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Source: Minnesota attacker asked victims if they were Muslim

ST. CLOUD, Minn. — A federal law enforcement source tells CBS News that the deceased suspect in a Minnesota mall attack that wounded eight Saturday, was asking people if they were Muslim and stabbing those who said they were not. 

Officials said the man has had interactions with police in the past, including recently, but the source could not yet characterize the nature of those interactions. 

The father of the suspect has identified him as a 22-year-old college student.

Ahmed Adan told the Star Tribune of Minneapolis that police told him Saturday night that his son, Dahir A. Adan, died at Crossroads Center mall in St. Cloud.

He says police didn’t mention the attack on the mall, but they seized photos and other materials from the family’s apartment.

Authorities haven’t publicly identified the attacker.

Ahmed Adan, who is Somali, says his son came to the U.S. 15 years ago and was was a student at St. Cloud Technical and Community College. He told the Star Tribune he had “no suspicion” that his son might have been involved in terrorist activity.

All nine victims -- seven men, a woman and a 15-year-old girl -- were treated at hospitals for wounds that weren’t life-threatening, St. Cloud police Chief Blair Anderson said at a news conference Sunday. Three remained hospitalized. The others were released.

Investigators are still trying to determine if the attack actually had any connection with ISIS. A news agency connected with the extremist group claimed Sunday that the suspect had heeded calls for attacks in countries that are part of a U.S.-led anti-ISIS coalition.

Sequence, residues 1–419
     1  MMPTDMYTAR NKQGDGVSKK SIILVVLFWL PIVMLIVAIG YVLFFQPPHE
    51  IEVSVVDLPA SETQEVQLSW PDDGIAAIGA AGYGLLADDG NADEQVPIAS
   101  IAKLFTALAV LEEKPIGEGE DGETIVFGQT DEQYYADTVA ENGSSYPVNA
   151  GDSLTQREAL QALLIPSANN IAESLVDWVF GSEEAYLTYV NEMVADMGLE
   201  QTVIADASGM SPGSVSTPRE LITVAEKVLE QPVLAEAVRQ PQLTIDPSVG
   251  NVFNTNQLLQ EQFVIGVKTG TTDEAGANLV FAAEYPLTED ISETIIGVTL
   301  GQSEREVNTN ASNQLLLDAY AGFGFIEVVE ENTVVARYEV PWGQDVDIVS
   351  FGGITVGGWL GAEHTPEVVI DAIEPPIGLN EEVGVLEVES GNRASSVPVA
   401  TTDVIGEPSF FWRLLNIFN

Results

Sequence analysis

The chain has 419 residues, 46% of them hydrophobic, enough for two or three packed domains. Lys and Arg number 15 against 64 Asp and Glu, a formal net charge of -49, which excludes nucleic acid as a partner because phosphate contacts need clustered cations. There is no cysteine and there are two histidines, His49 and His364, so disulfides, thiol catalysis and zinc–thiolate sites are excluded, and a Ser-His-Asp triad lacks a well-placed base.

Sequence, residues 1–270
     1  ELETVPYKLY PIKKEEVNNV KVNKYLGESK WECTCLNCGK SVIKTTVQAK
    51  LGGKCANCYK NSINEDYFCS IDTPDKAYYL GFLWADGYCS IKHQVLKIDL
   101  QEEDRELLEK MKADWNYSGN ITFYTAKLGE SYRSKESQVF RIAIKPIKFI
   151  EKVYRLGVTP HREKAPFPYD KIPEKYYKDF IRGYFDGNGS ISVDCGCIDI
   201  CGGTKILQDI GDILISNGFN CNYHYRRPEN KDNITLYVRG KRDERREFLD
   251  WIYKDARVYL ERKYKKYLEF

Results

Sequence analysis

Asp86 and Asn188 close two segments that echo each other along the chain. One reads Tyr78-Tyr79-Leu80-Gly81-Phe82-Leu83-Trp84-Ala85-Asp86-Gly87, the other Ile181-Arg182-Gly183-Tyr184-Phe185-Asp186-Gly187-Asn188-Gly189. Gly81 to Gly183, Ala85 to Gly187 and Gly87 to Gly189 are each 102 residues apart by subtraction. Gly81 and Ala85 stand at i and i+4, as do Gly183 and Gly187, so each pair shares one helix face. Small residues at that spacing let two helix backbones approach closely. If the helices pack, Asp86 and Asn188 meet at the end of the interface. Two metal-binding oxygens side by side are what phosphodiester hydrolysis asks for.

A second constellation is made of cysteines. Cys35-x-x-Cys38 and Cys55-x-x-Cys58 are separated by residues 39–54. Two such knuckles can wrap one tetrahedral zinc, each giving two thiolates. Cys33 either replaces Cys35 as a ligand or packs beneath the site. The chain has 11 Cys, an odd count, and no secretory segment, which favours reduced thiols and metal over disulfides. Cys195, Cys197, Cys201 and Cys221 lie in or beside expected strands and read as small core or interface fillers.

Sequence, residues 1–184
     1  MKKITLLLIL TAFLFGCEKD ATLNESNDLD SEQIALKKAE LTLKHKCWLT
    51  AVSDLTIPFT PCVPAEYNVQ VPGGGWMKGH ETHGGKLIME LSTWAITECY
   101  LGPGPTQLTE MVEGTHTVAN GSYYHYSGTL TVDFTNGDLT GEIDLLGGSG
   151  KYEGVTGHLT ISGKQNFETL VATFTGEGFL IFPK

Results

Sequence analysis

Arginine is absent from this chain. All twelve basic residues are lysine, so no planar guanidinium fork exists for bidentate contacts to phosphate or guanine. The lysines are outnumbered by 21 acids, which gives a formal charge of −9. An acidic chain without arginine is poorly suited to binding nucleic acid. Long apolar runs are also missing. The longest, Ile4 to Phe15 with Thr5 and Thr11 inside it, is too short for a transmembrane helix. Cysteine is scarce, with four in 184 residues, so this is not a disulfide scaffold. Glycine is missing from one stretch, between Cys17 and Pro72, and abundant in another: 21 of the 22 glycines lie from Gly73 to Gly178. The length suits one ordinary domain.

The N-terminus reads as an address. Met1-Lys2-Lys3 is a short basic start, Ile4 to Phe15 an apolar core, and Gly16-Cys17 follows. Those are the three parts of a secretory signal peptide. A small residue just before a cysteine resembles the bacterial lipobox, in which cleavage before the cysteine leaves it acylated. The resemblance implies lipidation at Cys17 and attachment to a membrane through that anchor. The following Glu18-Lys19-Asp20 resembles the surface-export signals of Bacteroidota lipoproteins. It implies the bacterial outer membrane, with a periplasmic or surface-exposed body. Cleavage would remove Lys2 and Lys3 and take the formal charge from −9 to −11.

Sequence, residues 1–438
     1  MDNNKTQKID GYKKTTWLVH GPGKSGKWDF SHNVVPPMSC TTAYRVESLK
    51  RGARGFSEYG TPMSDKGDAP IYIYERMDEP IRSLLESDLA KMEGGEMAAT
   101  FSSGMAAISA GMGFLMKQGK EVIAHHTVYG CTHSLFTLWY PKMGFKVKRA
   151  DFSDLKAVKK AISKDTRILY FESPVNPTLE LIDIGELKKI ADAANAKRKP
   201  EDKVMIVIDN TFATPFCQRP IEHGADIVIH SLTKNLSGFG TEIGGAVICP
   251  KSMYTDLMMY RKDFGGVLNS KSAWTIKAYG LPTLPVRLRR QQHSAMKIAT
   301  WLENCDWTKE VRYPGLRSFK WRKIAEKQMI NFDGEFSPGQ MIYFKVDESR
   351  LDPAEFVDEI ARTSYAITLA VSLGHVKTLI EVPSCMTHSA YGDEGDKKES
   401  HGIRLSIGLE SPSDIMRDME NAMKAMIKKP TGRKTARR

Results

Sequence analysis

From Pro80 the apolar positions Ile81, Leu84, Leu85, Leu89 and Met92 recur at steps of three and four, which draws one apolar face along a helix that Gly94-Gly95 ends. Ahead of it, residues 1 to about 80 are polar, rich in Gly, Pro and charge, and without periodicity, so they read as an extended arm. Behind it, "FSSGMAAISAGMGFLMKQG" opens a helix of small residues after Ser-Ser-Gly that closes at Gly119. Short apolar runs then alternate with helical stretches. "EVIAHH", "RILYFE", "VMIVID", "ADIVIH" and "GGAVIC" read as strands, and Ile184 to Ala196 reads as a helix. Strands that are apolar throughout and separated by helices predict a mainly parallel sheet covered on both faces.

The ISIS-run Rasd news agency called the suspect a “soldier of the Islamic State.” 

It was not immediately clear if the extremist group had planned the attack or even knew about it beforehand. ISIS has encouraged so-called “lone wolf” attacks. It has also claimed past attacks that are not believed to have been planned by its central leadership

 Anderson said the attacker was wearing a security uniform and was armed with a knife, reports CBS Minnesota. Anderson said the attacker made at least one reference to Allah.

Police said late Saturday they were not ready to call the attack an act of terrorism.

“We will be diligent and get to the bottom of this,” Anderson said. “We will be transparent.”

Officials said at a press conference Sunday that the off-duty officer who shot and killed the suspect is Jason Falconer, a former Albany, Minn., chief of police.

Officials said Falconer shot the suspect when the suspect lunged at him. Will Blair Anderson, Chief of Police for St. Cloud, said there was just five minutes between the first 911 call and reports of the suspect being shot dead.

“He clearly prevented additional injuries and potential loss of life,” Anderson said.

“Officer Falconer was there at the right time and the right place,” he said.

Ashley Bayne, who was visiting a friend at the J.C. Penney store in the mall described the scene to CBS Minnesota.

“I went closer to the mall entrance by J.C. Penney’s and I was looking at some jeans and all the sudden people were just running in chaos,” Bayne said. “They were screaming, ‘Someone’s stabbing people in the mall,’ and people were just really frantic and were running.

“There were so many cop cars just responding to the area,” Bayne said. “When I got in my car to get out people were speeding out of there. By the time I left my coworker had texted me saying they had all gone into lockdown in the mall. There were no notifications in the mall at all, it was just people running and screaming.”

Harley and Tama Exsted of Isle, Minnesota, who were in St. Cloud to watch their son play in a college golf tournament, were in the mall when the incident occurred.

“All of a sudden I heard pop, pop, pop,” Harley Exsted told the St. Cloud Times. “I thought someone tipped over a shelf. All of a sudden these people started running. I just saw everybody running our way.”

Adonis Samuels, 42, of St. Cloud, was outside the mall where his wife Roxanne works as a manager at Clinique at Macy’s.

“She called me on the phone and told me she was hiding under the counter with a customer,” Samuels said. She later called and said she was safe in a secured area.

Samuels remained outside, watching for her. He said he’d seen her through the glass doors at one point so he knew she was safe. 

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